Board Priorities through and beyond the pandemic: insights from non-executive NHS leaders

Clarity of Purpose, Pace

In the past weeks, NHS colleagues have shown huge agility which has re-framed previous working practices. Changes to service provision and operating models have been made quickly, benefiting from a lighter regulatory regime and the removal of bureaucracy. Clarity around purpose and pace has been energising for colleagues, and particularly empowering for executive leaders, creating a refreshed culture of mutual support.

  • How do we retain this energy, clarity of purpose and pace as complexity re-emerges in the next phase and we move back from command and control?

Inequalities and Diversity in our Communities, Full Mix of Services

The response to, and impact of, Covid-19 has further exposed existing inequalities and re-emphasised the importance of representative leadership to provide more effective care for our communities. Our discussion also acknowledged the importance of care and support for NHS staff is crucial at all levels, in mental health provision, against a backdrop of ongoing fluctuating crisis.

  • How do we ensure leadership teams have the connections with and understanding of all parts of the communities they serve to ensure effective planning and communication? How do we hear patient voices?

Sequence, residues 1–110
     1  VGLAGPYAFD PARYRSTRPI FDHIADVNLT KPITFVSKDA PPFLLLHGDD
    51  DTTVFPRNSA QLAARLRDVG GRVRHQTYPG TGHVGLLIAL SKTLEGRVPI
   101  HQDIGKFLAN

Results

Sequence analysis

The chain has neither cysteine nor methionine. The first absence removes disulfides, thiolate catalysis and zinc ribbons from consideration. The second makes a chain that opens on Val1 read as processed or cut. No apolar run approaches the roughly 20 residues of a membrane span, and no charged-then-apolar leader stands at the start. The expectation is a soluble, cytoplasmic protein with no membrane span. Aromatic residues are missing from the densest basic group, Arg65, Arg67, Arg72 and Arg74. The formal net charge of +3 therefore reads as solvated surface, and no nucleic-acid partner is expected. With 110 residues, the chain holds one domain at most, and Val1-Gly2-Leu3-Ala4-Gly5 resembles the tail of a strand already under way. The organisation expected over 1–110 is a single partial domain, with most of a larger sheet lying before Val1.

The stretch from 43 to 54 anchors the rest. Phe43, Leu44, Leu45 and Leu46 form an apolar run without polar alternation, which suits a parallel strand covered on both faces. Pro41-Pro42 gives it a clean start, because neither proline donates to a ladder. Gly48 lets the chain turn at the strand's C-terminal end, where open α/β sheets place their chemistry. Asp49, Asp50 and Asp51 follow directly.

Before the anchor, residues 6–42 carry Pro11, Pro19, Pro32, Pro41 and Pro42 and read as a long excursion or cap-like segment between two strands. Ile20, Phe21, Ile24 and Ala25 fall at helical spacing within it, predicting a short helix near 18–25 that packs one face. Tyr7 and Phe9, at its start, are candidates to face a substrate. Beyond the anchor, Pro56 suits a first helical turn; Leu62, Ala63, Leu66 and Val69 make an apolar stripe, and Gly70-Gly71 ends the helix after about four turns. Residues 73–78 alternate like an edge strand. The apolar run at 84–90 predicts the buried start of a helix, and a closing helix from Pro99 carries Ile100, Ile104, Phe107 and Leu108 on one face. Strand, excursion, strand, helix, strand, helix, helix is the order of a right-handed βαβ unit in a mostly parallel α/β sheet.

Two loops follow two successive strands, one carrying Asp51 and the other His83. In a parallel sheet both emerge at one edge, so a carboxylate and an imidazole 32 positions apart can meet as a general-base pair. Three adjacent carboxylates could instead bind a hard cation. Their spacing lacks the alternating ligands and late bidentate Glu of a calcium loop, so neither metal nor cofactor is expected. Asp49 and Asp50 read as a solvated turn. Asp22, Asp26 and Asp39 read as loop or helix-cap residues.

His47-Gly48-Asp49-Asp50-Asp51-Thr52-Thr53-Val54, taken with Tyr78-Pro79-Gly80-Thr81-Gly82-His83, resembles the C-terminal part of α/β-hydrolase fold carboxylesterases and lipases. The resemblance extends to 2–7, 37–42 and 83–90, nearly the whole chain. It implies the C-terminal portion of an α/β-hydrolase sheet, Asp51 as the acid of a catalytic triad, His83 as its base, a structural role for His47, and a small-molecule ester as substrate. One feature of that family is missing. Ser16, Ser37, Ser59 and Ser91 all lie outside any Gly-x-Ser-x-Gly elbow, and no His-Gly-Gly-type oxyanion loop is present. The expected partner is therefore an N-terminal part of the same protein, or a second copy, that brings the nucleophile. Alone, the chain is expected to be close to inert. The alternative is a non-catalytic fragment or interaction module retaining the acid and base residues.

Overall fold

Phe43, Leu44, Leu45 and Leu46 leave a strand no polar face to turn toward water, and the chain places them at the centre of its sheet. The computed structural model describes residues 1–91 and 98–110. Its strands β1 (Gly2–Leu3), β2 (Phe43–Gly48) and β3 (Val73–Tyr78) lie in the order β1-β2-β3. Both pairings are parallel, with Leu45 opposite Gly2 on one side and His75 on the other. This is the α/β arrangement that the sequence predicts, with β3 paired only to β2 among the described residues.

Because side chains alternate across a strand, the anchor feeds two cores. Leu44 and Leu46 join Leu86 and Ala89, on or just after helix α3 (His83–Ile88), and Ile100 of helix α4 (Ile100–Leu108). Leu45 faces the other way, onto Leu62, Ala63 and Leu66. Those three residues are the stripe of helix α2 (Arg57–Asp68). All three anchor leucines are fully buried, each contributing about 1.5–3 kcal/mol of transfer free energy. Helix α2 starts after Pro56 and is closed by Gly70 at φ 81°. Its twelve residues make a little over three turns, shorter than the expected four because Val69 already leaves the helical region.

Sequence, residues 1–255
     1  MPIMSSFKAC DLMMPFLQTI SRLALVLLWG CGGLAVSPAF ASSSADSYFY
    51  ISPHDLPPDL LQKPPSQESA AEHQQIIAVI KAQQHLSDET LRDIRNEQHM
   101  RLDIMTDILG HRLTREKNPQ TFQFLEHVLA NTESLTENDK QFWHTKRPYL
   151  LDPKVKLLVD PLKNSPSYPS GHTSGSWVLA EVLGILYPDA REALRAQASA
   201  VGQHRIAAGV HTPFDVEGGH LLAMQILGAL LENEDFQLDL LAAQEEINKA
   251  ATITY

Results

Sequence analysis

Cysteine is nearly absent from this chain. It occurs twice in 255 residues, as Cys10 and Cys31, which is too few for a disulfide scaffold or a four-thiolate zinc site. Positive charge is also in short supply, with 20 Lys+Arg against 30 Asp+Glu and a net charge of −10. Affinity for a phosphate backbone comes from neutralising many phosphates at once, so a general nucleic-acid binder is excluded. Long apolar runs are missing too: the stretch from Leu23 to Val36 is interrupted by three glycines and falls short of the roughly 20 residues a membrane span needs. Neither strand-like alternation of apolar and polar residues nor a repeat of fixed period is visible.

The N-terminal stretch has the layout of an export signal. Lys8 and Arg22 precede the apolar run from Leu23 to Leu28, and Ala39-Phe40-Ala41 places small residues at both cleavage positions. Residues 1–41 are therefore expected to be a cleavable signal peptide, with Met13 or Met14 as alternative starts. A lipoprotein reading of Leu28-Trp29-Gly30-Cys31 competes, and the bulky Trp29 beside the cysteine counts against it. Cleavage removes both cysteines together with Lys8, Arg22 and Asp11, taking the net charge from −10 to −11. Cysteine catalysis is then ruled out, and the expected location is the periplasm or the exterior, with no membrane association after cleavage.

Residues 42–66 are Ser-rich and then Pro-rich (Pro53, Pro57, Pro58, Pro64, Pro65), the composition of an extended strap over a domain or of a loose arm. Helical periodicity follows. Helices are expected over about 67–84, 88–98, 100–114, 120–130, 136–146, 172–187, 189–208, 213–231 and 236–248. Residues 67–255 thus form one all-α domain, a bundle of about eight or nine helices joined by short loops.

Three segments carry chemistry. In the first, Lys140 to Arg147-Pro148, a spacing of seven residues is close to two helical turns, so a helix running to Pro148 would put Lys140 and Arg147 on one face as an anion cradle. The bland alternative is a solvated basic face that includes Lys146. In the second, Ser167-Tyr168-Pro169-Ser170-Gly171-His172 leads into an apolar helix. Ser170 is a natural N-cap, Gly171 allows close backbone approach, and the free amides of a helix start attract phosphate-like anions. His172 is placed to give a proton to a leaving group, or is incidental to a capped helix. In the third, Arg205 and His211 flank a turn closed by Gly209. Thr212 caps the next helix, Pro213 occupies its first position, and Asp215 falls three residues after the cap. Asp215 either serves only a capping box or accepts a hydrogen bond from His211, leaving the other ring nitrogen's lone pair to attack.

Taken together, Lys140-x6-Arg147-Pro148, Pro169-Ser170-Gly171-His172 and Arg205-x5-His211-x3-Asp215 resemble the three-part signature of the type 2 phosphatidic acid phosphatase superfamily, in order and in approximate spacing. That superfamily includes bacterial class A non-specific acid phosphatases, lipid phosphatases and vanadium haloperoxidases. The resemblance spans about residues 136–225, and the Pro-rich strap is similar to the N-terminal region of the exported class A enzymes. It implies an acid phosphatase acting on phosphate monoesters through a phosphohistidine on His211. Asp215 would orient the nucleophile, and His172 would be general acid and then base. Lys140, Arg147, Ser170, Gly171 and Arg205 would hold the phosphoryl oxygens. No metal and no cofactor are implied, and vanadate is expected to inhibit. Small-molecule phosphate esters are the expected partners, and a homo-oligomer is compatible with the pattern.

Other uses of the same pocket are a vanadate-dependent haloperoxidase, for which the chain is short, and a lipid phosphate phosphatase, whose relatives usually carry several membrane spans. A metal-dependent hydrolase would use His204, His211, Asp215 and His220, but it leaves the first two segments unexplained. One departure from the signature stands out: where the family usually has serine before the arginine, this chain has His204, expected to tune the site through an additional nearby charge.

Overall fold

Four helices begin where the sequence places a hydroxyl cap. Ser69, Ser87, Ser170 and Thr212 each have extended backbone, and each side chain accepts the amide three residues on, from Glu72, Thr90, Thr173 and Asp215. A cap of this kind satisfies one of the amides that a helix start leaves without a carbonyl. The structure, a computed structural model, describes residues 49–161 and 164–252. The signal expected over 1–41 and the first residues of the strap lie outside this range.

• There has been a strong focus on the acute and emergency sectors in the crisis. How should providers work together to ensure the highest quality care across communities as the response now shifts to community services, mental health providers and primary care?

Digital transformation

Technology has been a great facilitator, in the delivery of care, with consultations taking place remotely, and in bringing together boards and system leaders flexibly. Our discussion acknowledged It is important to recognise that technology and social media can be exclusionary for some parts of the community, not universally trusted, and in some cases exploited with malicious intent.

  • How will we ensure the possibilities of digital transformation are part of an ongoing strategic-level conversation?

Prevention, Population Health, System working

The pandemic has shone a light on the importance of prevention and early intervention and the role that providers can play in both. Throughout our discussion, the idea of improved system working, and better collaboration between providers and other parts of the system, and between different sorts of services, was implicitly and explicitly seen as a positive to celebrate, and a stepping stone to consolidate for the future. A population health approach will require it. Relationships with local government, and its preparedness, are also critical.

  • How should providers support prevention, and better health and wellbeing in their communities?
  • Relationships as strategy: how will boards need to think about their partners and collaborative work to consolidate recent successes and move forward?

Dynamic risk

The new appreciation of dynamic risk leaves questions about how governance should look in future: how much has really been lost in the new governance model? There is an opportunity to reset governance practices, and boards’ strategic orientation, but governance will always need to be strong and appropriate.

  • How should boards think about risk, strategically and dynamically, in a framework of good governance?

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